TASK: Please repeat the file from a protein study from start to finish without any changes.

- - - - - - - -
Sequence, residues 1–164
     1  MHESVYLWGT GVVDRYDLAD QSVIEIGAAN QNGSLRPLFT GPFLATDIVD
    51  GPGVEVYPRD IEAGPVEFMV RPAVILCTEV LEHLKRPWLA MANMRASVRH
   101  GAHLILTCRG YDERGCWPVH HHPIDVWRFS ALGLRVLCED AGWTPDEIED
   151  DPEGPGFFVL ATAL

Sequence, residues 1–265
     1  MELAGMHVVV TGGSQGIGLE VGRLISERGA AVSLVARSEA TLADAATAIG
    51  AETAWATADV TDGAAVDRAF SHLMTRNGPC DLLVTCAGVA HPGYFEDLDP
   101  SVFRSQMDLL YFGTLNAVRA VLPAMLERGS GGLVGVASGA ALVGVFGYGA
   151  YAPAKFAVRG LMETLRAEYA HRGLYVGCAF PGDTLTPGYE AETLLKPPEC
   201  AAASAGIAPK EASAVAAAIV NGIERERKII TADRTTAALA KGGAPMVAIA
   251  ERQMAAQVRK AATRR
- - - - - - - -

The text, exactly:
Sequence, residues 1–164
     1  MHESVYLWGT GVVDRYDLAD QSVIEIGAAN QNGSLRPLFT GPFLATDIVD
    51  GPGVEVYPRD IEAGPVEFMV RPAVILCTEV LEHLKRPWLA MANMRASVRH
   101  GAHLILTCRG YDERGCWPVH HHPIDVWRFS ALGLRVLCED AGWTPDEIED
   151  DPEGPGFFVL ATAL

Sequence, residues 1–265
     1  MELAGMHVVV TGGSQGIGLE VGRLISERGA AVSLVARSEA TLADAATAIG
    51  AETAWATADV TDGAAVDRAF SHLMTRNGPC DLLVTCAGVA HPGYFEDLDP
   101  SVFRSQMDLL YFGTLNAVRA VLPAMLERGS GGLVGVASGA ALVGVFGYGA
   151  YAPAKFAVRG LMETLRAEYA HRGLYVGCAF PGDTLTPGYE AETLLKPPEC
   201  AAASAGIAPK EASAVAAAIV NGIERERKII TADRTTAALA KGGAPMVAIA
   251  ERQMAAQVRK AATRR